Dirty Bathrooms and Messy Stores Still Hurting Retail

Retail Store

Can cleanliness and organization affect how a retail store performs? You better believe it. 2018 was a rough year for several retailers…proving that fact.

Toys R Us closed for good in the United States and was forced to liquidate because it was unable to sustain its debt load after a leveraged buyout in 2005. According to a filing with the bankruptcy court, Toys R Us had still been making $400 million payments on its debt every year.

Department stores, in particular, have been struggling because of declining foot traffic to malls, which has affected Sears, JCPenney, Lord & Taylor, and Macy’s. They all have closed stores in the past year, and Sears filed for Chapter 11 bankruptcy protection after years of declining sales.

The rise of e-commerce has played a huge role in the downfall of some retailers who can’t keep up with Amazon, eBay, Wayfair, etc. Although stores have been working on improving their marketing strategies, it hasn’t always been enough. Even on Black Friday, traditionally one of the biggest shopping days of the year, stores were relatively empty.

Maybe it’s because department stores are focusing on the big picture and not the details. During secret shopper visits to various stores, it was alarming what was discovered. Empty shelves, dirty carpet, displays so crowded you couldn’t sort through the inventory, and empty cash registers with no employees in sight.

Tom Buiocchi, the CEO of facilities management platform ServiceChannel, sees it over and over. Retailers cut back on store maintenance and improvements and end up on the fast track to bankruptcy, while those who invest in store improvements and upkeep are succeeding and expanding.

A study commissioned by ServiceChannel surveyed 1,521 consumers and 70% said they recently had a negative experience with a messy store, ranging from dirty bathrooms and broken toilets, to disorganized shelves and burned-out light bulbs. Over two-thirds said they have walked out of stores because they were messy or disorganized. Four out of five shoppers said they would rather have a clean store than ones with the newest tech, and two-thirds said retailers are forgetting the basics—like clean floors and well-stocked shelves—in the rush to add tech. “The vast majority of purchases are still being done by people walking into a location. And their experience of that location has never been more important,” Buiocchi said in an interview.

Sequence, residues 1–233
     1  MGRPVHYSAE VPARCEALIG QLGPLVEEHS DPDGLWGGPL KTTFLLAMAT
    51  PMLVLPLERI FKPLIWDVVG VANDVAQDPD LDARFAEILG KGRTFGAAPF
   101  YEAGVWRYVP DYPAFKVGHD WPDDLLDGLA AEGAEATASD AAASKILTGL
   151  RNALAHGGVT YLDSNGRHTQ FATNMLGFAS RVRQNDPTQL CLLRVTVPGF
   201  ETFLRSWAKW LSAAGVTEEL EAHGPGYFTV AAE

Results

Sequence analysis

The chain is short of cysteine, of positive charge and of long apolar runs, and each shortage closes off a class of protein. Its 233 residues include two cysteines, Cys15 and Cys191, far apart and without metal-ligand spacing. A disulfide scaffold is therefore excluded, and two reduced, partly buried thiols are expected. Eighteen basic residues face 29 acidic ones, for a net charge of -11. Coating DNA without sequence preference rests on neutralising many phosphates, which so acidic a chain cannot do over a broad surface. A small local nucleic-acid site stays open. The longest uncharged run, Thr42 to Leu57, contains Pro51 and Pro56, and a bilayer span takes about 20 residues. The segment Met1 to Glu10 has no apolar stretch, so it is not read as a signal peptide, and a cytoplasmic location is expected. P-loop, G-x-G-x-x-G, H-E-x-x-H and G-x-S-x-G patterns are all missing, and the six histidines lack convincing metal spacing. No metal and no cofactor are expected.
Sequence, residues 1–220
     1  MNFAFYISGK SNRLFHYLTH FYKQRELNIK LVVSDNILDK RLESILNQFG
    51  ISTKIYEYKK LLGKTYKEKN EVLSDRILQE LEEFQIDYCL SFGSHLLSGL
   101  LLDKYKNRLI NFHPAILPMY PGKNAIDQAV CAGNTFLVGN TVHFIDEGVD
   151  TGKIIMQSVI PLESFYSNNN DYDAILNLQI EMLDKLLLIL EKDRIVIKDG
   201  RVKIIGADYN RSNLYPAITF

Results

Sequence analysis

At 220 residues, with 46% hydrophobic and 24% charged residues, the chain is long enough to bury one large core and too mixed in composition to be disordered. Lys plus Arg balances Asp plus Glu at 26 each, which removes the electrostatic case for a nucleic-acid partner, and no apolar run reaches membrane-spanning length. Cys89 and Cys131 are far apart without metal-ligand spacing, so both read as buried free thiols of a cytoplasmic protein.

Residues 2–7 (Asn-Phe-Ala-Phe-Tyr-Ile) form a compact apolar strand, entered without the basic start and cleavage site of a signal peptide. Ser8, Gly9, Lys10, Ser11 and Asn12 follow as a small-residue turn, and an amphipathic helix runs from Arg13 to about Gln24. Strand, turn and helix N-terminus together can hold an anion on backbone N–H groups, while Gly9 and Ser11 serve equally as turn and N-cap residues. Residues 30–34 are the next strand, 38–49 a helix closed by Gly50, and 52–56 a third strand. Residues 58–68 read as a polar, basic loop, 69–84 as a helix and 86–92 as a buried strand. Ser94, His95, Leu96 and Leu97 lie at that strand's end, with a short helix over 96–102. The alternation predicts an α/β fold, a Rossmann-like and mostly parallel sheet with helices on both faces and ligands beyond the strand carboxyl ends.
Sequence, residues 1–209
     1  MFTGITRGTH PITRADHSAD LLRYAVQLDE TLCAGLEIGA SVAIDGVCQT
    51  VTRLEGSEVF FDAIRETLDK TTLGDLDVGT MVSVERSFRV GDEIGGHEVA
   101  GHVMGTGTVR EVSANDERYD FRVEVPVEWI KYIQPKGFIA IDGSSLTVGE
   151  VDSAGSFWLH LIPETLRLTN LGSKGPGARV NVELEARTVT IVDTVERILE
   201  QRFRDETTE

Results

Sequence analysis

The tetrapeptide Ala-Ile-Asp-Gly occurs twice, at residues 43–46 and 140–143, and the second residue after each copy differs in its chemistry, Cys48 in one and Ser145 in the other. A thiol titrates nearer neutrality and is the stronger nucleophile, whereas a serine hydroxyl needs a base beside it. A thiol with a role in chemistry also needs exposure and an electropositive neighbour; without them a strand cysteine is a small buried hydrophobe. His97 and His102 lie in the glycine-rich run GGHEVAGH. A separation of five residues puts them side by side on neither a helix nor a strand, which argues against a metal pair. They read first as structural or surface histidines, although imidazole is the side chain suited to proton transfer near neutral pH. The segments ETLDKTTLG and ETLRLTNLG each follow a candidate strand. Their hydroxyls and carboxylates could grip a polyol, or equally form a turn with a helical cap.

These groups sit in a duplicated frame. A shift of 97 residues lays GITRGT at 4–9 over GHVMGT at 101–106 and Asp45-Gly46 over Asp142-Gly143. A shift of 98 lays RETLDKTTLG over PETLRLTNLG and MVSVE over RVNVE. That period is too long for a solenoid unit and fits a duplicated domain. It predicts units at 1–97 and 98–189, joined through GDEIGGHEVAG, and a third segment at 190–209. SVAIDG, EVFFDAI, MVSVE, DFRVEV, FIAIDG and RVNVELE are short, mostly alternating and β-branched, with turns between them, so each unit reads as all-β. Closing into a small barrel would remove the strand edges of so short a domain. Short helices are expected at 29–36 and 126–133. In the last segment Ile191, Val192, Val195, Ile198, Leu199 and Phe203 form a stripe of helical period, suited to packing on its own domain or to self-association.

With so many other shopping options, retailers must be on top of their game. Consumers want to be rewarded when they make the effort to walk into a store and a dirty, disorganized store says the retailer doesn’t care—about the store or the shopper. Store maintenance used to be considered “a non-sexy part of the business,” Buiocchi said, “but now it directly affects the high expectation for an in-store experience. And facilities managers all have a role at the table now.”

Many of the new online brands that are opening stores are quick to recognize the value of rigorous maintenance and are signing up as customers. “There are the people that get it, and there are the people that don’t get it,” Buiocchi said. “Good progressive retail is investing in their brick-and-mortar experiences and enjoying the benefits of that,” he said. “Bad retail is not and they’re unfortunately being penalized for that.”

Although JCPenney has been struggling the past few years, new CEO Jill Soltau, is up for the task of bringing the stores back to life. Soltau, who took over the position in October, said in a recent earnings call that the department-store chain is failing to adequately deliver on some fundamentals of “good retail.”